Immediate relief is now available to tens of thousands of V2-Visa holders who were wrongfully denied employment authorization and as a result, lost employment and educational opportunities, the right to freely travel and re-enter the United States, obtain a driver’s license, a Social Security card and other benefits that come with proof of legal status.
The Department of Homeland Security under George Bush aggressively sought to roll-back immigration benefits granted by Congress. Reeves & Associates would not accept an illegal interpretation of an issue that many immigration practitioner’s took for granted, that a child who has come to the United States in “V-visa” status would lose his visa at age 21 and be sent home. The Ninth Circuit Court of Appeal has upheld Reeves position and has declared the age-out provisions invalid and contrary to the law.
The “V-visa” was created by Congress as part of the LIFE Act. Under this Visa program spouses and children under the age of 21 of Legal Permanent Residents are eligible for a V-Visa, if their immigrant visa was filed before December 21, 2000 and they have been waiting over three years for processing by the foreign embassy.
Thousands of wives and children of legal permanent residents are kept separated because they are required to wait for their visa category a wait of well over four years in 2A status. Then they must overcome backlogs and delay at the consulate or embassy. Worse, children who reach the age of 21 “Age-Out” fall into F-2B visa category status resulting in delays of ten years of more.
When the Immigration Service drafted regulations for the V-visa, it inserted a provision, regulation 8 C.F.R. 214.15(g) which stated children who reach the age of 21 lose their V-visa status, their work authorization and are eligible for removal (deportation) or refused re-entry into the United States if they traveled in V-visa status. This would doom many immigrants to ten years or more of separation from their families in F-2b status. USCIS inserted this back-door provision even though the statute specified other grounds for termination. The statute clearly said that loss of the immigrant petition was a legitimate basis for termination, not an increase in age.
Robert Dupont, of Reeves & Associates went to court with three individuals, who had been refused their work authorization. When the Reeves office demanded that the USCIS issue work authorization the service then stated that these three individuals, one from Pakistan and two from the Philippines, were no longer in V-visa status. This was a veiled threat from the USCIS essentially saying, “you are out of status and we can put you into removal proceedings for deportation.” Reeves & Associates would not back down and challenged at the District Court level the regulations used to “age-out” these V-visa holders. When the District Court refused to strike down the regulation, DuPont then took this case to the Ninth Circuit Court of Appeals.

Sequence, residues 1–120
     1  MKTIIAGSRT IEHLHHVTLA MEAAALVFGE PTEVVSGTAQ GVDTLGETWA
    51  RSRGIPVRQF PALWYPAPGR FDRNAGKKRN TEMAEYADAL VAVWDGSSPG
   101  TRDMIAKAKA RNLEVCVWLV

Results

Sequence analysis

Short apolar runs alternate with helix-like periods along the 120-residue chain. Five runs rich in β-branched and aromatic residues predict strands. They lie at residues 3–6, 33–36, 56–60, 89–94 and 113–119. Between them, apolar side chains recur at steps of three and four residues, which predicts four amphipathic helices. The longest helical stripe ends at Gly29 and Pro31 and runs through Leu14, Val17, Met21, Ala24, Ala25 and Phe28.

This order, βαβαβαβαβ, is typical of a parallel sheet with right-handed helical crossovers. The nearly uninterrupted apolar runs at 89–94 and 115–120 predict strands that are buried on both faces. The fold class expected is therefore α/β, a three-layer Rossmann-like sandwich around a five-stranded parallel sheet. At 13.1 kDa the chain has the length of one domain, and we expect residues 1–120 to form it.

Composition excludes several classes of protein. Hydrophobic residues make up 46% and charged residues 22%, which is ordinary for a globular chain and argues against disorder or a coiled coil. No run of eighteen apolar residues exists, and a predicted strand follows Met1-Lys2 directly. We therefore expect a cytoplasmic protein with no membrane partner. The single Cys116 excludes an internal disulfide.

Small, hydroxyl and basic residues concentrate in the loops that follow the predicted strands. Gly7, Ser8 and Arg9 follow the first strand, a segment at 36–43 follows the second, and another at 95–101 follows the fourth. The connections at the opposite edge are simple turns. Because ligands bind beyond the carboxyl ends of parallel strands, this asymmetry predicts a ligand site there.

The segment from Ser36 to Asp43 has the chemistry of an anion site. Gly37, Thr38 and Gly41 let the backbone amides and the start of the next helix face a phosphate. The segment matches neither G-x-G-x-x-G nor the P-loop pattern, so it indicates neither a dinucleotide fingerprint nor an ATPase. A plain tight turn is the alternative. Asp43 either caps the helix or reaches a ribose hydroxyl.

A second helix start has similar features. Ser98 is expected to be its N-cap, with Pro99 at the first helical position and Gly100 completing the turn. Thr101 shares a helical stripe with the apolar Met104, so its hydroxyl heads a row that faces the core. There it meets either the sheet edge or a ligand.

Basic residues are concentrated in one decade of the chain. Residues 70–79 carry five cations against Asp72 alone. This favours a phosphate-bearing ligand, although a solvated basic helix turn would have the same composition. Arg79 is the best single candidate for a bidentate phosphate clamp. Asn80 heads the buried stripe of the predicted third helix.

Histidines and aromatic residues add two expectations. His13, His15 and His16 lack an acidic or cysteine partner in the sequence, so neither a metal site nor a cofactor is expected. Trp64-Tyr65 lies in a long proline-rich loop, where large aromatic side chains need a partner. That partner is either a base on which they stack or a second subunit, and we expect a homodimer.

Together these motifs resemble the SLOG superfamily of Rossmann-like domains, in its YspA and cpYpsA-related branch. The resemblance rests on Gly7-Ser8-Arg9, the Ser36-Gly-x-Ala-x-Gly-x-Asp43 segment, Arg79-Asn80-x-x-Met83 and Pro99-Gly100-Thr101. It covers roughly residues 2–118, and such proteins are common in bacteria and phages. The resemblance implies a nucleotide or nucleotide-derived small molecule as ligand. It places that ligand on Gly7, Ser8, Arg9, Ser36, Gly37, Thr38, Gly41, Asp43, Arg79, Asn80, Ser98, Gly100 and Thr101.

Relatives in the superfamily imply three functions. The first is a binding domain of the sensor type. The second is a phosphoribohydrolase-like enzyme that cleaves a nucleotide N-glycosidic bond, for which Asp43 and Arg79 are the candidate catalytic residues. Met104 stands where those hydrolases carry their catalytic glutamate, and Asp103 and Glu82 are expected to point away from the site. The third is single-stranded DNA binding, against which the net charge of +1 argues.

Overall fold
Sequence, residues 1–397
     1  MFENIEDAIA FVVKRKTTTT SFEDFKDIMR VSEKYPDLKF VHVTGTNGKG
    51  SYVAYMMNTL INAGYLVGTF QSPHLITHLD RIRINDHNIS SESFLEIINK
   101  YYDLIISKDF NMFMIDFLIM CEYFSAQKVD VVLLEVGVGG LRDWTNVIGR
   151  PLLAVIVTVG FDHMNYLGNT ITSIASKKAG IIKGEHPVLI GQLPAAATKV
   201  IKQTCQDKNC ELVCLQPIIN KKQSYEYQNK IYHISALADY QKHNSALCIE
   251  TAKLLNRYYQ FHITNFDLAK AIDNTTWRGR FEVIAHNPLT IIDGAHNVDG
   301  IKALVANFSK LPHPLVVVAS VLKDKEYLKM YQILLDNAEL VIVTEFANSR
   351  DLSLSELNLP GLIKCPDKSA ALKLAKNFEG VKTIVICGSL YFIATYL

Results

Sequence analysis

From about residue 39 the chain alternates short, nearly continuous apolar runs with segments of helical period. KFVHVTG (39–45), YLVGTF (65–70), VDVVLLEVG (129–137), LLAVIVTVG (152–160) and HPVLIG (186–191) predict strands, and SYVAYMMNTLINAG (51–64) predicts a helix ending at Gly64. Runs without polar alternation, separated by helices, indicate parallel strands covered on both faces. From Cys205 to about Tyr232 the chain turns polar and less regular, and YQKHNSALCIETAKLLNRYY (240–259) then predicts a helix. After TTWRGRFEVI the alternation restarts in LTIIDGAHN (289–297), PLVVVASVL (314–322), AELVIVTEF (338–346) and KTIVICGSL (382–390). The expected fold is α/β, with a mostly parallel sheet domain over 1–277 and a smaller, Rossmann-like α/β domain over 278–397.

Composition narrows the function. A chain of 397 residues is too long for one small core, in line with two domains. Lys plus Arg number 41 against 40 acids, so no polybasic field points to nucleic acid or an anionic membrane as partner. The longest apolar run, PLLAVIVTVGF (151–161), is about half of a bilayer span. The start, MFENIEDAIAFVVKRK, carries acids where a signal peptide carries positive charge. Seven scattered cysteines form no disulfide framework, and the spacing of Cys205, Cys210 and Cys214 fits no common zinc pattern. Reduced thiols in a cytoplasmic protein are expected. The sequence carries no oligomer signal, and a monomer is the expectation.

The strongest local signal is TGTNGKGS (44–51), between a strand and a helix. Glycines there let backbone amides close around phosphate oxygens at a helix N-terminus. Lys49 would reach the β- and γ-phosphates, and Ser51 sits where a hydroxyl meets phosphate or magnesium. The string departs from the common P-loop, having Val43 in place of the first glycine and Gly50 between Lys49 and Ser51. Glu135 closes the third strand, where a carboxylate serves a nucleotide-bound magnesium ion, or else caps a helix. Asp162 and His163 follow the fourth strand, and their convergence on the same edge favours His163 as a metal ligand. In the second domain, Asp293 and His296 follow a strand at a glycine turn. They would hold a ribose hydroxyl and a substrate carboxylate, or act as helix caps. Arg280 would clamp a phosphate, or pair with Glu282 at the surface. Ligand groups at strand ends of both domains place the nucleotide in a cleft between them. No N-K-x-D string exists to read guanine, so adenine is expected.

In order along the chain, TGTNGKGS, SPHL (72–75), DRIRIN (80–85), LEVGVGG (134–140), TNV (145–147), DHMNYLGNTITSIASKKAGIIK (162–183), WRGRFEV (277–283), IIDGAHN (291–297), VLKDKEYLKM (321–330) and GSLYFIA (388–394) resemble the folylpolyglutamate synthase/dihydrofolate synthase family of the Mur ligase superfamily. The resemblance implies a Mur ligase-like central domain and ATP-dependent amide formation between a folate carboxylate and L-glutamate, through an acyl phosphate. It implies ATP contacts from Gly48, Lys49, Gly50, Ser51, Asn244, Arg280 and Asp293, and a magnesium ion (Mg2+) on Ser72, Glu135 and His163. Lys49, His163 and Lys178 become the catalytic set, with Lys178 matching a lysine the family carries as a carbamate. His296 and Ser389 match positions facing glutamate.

Judge Reinhardt at oral argument chastised the Immigration Service asking “what possible public policy reason” could the service have for bringing immigrants to the United States in the name of family re-unification and then sending them right back home. The Court cited in its decision the words of U.S. Senator Edward Kennedy who stated “This would let all immigrants who have a legal right to seek permanent resident status to stay in this country with their family while they await a decision” The Ninth Circuit declared the Service’s regulation to be “illogical” “contrary to Congressional intent” and “frustrate congressional policy”.
With this decision, V-visa holders who have been refused work authorization are entitled to renew their demand for the right to work in V-visa status. Once persons have their work authorization they will be able to In addition any V-visa holders who traveled and were refused entry to the United States are entitled to be admitted to the United States in their V-visa status. Any persons who have been deported due to their no longer being in V-visa status, are entitled to have their case re-opened with the immigration court. Further persons who have left the United States after being told by the USCIS they are no longer in status should be re-admitted to the United States either on their V-visa or with a parole visa.
Reeves & Associates is also exploring the issue of recovery of airline fees and damages to persons unjustly removed from the United States using this code section.
It is gratifying to obtain justice for those persons who have been wrongfully denied immigrant benefits. However the issue of restrictive regulations, or unlawful policies by the Immigration service is not limited to the V-visa. At Reeves we are challenging a number of improper policies and regulations issued by the Service which deny benefits. Currently we are litigating issues dealing with the Child Status Protection Act and the refusal of the Manila and other consulates to re-classify persons in F-1 status back to F-2b status so they can immediately immigrate to the United States. We are also challenging USCIS efforts to “re-open” Las Vegas divorces for persons who are obtaining legal permanent residency based on a subsequent marriage, which will be the subject of an upcoming articles.
It is not enough to know the law and provide guidance to our clients. Reeves & Associates continues to fight for immigrant’s rights in the courts.
By: Attys. Robert L. Reeves and Robert J. Dupont